My novel takes place on a cross-country train trip from New York to California, pre-iPods, cell phones and personal computers. After the main characters have played cards and read the newspaper, there is nothing left for them to do but (gasp) talk to each other. They decide to start a game where they take turns answering the question, What would you do if you were given one million dollars? Tax-free, of course.
The Barenaked Ladies have some ideas on what they would do with a million dollars.
But, one of the characters in my story points out, that is too easy. Most people could live their wildest dreams with one million dollars. What would you do with one thousand dollars? he wants to know. With one thousand dollars, you can’t chuck it all and run away to Fiji, spending the rest of your days sipping umbrella drinks and fanning yourself with palm fronds. So they take turns rattling off a list of things they would buy with the decidedly compact sum: a powerful telescope to look at the moon, a fancy car (this is 1943), a pair of diamond earrings for his mother. What they choose to buy with their fictitious money speaks to their personality and what they value. Then the main character throws a damper on everything. “I would put a down payment on a house,” she says. She just can’t be frivolous.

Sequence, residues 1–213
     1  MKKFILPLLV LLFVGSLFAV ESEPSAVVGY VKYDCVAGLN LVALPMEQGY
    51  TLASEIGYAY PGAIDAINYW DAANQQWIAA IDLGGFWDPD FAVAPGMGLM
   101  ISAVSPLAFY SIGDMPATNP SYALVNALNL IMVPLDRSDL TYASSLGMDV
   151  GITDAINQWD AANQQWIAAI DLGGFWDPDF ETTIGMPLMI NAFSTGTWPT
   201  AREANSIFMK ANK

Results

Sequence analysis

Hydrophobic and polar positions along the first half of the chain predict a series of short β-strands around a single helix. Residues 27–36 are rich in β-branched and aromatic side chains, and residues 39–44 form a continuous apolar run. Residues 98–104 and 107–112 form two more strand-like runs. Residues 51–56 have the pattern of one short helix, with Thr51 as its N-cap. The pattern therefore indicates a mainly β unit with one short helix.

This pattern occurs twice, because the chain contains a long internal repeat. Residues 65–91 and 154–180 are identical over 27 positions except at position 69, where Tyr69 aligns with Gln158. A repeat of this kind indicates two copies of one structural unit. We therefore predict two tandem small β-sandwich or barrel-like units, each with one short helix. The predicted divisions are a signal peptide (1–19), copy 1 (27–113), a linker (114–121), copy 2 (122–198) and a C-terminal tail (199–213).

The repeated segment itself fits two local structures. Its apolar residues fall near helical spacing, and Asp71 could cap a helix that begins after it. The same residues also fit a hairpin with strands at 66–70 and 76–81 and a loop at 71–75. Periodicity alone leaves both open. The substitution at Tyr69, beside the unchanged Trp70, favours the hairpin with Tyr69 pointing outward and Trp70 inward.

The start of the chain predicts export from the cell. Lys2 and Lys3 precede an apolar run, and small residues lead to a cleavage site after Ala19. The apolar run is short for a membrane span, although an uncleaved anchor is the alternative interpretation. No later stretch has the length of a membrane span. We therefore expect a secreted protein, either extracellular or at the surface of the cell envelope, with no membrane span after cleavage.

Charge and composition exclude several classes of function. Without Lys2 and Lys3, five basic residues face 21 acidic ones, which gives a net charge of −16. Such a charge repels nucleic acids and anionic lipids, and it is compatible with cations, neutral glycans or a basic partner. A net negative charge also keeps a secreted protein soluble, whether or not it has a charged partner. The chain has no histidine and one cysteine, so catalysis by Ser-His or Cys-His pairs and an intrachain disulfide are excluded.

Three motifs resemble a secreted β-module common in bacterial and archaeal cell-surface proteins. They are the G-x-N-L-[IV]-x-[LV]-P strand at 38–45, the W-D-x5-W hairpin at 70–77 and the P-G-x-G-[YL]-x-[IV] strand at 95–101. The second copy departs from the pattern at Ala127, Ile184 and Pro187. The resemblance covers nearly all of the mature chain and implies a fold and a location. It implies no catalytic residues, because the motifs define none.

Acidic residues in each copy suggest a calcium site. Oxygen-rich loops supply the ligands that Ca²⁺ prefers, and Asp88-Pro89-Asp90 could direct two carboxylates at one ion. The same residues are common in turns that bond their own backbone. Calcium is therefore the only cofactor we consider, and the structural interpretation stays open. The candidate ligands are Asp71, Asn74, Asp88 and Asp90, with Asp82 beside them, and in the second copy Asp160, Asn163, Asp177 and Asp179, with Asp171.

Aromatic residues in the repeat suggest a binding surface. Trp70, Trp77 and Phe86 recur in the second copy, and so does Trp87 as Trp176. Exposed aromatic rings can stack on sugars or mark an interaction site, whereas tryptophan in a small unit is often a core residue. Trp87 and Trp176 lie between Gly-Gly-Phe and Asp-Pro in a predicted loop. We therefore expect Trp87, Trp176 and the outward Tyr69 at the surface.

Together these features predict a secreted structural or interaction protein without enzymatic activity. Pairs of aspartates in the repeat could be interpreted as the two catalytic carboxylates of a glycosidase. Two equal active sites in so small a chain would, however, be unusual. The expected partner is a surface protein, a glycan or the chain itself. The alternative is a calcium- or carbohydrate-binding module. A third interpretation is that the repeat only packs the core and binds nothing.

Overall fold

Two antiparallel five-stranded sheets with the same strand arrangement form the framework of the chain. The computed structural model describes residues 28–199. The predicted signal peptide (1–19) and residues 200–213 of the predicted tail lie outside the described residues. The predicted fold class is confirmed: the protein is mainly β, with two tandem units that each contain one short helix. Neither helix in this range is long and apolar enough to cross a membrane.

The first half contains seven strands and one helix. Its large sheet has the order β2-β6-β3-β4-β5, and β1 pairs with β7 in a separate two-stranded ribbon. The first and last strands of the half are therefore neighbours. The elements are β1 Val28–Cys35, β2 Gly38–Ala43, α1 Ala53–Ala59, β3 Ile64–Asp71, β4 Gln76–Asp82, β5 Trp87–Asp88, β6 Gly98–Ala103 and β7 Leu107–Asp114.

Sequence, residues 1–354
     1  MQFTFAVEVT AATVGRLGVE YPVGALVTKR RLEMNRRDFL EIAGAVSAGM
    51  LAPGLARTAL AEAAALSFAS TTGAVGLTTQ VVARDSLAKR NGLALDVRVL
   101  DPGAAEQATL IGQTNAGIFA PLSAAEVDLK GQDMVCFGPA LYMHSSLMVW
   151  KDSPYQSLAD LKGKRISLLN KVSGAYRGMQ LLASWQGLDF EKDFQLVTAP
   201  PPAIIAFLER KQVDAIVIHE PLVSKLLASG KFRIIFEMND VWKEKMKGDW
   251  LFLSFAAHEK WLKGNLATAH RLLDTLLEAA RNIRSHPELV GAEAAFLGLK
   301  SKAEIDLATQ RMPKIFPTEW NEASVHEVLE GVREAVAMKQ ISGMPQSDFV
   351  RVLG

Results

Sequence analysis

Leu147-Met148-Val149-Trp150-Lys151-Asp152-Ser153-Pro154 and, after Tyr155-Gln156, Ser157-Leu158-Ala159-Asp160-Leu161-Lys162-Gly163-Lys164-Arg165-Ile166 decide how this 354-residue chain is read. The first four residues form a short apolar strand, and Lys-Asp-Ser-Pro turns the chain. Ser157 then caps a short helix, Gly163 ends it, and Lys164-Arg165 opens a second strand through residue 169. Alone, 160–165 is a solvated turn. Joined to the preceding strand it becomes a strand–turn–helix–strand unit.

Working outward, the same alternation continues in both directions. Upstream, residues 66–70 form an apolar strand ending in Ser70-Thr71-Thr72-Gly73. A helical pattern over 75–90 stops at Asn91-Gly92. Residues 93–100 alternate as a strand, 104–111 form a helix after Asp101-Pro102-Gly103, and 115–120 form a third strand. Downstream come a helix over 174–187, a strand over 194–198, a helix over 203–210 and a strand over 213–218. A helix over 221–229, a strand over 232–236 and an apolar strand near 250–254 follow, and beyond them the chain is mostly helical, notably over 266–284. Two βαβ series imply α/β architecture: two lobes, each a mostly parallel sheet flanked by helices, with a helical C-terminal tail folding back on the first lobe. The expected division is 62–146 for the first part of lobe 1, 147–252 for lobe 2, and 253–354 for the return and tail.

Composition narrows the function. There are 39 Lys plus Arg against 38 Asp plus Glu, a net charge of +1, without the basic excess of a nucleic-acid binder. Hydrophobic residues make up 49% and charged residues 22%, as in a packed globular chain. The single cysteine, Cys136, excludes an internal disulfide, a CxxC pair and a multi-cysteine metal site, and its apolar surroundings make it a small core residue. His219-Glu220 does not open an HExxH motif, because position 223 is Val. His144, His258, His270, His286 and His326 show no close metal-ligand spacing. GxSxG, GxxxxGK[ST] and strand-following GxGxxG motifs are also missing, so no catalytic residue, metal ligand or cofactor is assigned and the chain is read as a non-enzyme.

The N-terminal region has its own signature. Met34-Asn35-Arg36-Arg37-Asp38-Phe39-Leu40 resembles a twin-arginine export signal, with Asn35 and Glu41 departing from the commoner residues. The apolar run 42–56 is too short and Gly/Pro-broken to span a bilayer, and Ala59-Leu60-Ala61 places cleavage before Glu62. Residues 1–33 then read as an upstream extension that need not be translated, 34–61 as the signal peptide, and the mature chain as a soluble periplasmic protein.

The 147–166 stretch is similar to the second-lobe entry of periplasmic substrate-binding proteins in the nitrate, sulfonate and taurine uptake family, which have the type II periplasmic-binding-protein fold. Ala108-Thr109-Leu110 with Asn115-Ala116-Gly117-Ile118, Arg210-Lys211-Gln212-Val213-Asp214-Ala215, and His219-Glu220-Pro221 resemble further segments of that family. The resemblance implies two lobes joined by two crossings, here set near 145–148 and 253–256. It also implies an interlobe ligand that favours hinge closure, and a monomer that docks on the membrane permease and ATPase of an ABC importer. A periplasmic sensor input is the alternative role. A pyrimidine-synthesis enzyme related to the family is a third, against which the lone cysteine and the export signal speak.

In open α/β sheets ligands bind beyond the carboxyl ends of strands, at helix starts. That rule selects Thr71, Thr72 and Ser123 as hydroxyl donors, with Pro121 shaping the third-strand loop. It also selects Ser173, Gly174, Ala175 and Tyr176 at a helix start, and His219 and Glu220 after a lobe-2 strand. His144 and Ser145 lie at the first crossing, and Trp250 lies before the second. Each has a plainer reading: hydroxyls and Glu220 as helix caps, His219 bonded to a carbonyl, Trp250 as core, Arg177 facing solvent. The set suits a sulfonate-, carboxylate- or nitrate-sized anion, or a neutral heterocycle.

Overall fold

It did not escape my notice that, in this instance, I was channeling myself. I would have done exactly the same thing. Why is that? Why can’t I throw caution to the wind and just be irresponsible? It’s a game for goodness’ sake. Even in Monopoly, I never, ever buy Park Place or Boardwalk. In my story, someone says to the main character, “God, you’re prudent even in your dreams.”
I’m not alone, it seems. Gretchen Rubin from The Happiness Project recently posed a question on FB: If you have $500 and HAD to spend it on yourself, for something fun, what would you do with it?
My first thought: I really could use some new bath towels. Sad, but true.
There were many people like me who couldn’t even let themselves fantasize about being frivolous:
- Buy new glasses
- A new bed
- Fun? What’s fun? I’d go buy some groceries.
- Interview clothes
- Pay off some bills
But some folks had no problem spending the money on something fun:
- Get a massage
- Ride every roller coaster within driving distance (Aside: LOVE this one!)
- One incredible pair of shoes
- A knitting shopping spree
- Buy lots and lots of books
How would you spend five hundred dollars (or insert your own currency) on something fun for yourself? Could you let yourself be frivolous?
Have a great weekend, everyone!